Election 2012

With days to go, Iowa trends to Romney

With days to go, Iowa trends to Romney

Long considered more likely to go Democrat than Republican for president, Iowa and its six electoral votes are shaping up as a toss-up in the closing days of the campaign. A just-completed Rasmussen Poll showed that among likely voters in the Hawkeye State, Barack Obama and Mitt Romney are tied with 48 percent each.

But, if volunteers and their enthusiasm truly make an impact, than the edge is to Romney. Four years after the former Massachusetts governor resoundingly lost the Iowa GOP caucuses to Mike Huckabee and 10 months after Romney was apparently edged out in the caucuses by a late-counted 30-something votes to Rick Santorum, the GOP nominee has apparently rallied most of the disparate factions behind him in an all-out effort to take Iowa.

“It’s exciting all right, and it’s picking up,” Connie Schmett, veteran Republican operative and co-chairman of the Romney campaign in Polk County (Des Moines), told Human Events Wednesday, “Every day, we have 40-50 volunteers knocking on doors or working phonebanks at our headquarters in Urbandale. And many are people who backed Rick Santorum or Rick Perry or other candidates over Mitt.”

The most interesting group of Romney supporters, she told us, “are the people I meant who say they have never been involved and now want to elect Mitt. Most of them are young people. And there are people I meet all the time who say they voted for Obama in ’08 and they are not going to do it again.” Schmett also noted that there is a strong contingent of Roman Catholic activists for Romney “and they always mention that they are upset by the (Health and Human Services) order requiring contraceptive coverage for (employees in Catholic hospitals).”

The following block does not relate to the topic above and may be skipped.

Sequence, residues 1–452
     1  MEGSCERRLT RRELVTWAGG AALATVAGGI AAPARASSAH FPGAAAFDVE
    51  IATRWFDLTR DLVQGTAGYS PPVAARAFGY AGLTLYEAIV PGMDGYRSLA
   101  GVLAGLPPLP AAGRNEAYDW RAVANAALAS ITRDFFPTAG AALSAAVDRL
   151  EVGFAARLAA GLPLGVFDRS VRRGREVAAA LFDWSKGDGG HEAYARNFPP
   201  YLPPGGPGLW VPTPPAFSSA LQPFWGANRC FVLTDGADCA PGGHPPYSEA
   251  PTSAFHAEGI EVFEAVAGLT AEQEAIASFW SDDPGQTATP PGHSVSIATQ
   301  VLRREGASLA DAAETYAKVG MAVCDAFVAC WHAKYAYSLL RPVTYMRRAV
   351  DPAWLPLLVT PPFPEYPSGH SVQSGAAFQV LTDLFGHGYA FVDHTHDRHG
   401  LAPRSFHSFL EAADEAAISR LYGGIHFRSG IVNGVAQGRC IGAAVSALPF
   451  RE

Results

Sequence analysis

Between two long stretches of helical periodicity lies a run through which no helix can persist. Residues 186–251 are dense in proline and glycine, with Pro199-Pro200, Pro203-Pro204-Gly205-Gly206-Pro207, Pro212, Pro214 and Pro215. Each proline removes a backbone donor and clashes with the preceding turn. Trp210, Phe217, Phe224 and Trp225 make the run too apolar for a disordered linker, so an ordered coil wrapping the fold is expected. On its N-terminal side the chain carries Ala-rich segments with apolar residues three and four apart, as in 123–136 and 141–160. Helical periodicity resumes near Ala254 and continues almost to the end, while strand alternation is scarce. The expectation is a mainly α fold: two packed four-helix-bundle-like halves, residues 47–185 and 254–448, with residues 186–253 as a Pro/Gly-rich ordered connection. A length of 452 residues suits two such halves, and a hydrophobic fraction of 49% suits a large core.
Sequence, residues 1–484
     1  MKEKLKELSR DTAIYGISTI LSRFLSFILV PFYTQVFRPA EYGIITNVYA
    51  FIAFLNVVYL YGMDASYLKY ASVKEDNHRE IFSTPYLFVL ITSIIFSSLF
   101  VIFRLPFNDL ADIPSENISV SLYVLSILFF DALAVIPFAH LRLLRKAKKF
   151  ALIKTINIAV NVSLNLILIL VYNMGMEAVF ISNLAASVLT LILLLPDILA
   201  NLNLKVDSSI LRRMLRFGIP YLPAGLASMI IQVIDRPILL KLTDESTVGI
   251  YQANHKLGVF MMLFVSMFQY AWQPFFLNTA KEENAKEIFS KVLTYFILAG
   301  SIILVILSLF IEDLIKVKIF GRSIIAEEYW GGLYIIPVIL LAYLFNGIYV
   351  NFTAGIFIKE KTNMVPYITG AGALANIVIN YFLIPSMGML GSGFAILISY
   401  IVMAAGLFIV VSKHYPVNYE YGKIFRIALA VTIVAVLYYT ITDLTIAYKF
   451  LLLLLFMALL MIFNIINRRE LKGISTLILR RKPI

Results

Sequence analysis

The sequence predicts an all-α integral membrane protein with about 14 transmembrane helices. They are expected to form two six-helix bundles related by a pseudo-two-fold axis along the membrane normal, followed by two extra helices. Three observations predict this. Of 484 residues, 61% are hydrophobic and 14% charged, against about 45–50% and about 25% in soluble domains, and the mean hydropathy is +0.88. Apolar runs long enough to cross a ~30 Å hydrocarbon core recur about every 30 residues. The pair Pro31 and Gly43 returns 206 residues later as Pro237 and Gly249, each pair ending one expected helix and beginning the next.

If there is any group that has “not come along so far,” in Schmett’s words, it is many of those who actively backed Ron Paul. But, she quickly added, “our campaign always talks to them, listens, and tries to win them over — whether they say they are voting for (Libertarian Party nominee) Gary Johnson or not voting. We never argue  — you don’t win people over by arguing — but we do tell them that if they don’t vote, it is one more vote for Barack Obama, and that makes their goals even harder to achieve.”

Along with recent appearances by Paul Ryan and Ann Romney, which drew large crowds, Schmett said that Mitt Romney himself “came to Ames last Thursday, and more than 3,500 people waited more than three hours in freezing weather to hear him. That shows you how strong feelings are running.”

As to reports that Iowa is “trending Democratic” and a Romney win would be an upset, Gentry Collins, former executive director of the state GOP, was downright dismissive.

“Yes, Obama did carry Iowa handily in ’08, but George W. Bush won it in ’04 and barely lost it (by 4,144 votes out of 1, 270,000 cast) to Al Gore in 2000,” Collins told us. “And since ’08, Republicans gained in voter registration. Terry Branstad won the governorship in ’10 by unseating (Democratic Gov.) Chet Culver — the first time a sitting governor of Iowa was unseated since 1962.”

Collins also noted that in a state “where newspaper endorsements still count for something, the Des Moines Register endorsed Romney and this is the first time it has backed a Republican for president since 1972, The Cedar Rapids Gazette and the Sioux City Journal are also for Romney.”

If Rasmussen and other pollsters are to be believed, Iowa is a genuine toss-up as of today. But, if Connie Schmett and others in the Romney team on the ground truly know the lay of the land, then the GOP nominee stands an excellent chance of repeating what George W. Bush did in Iowa in 2004.

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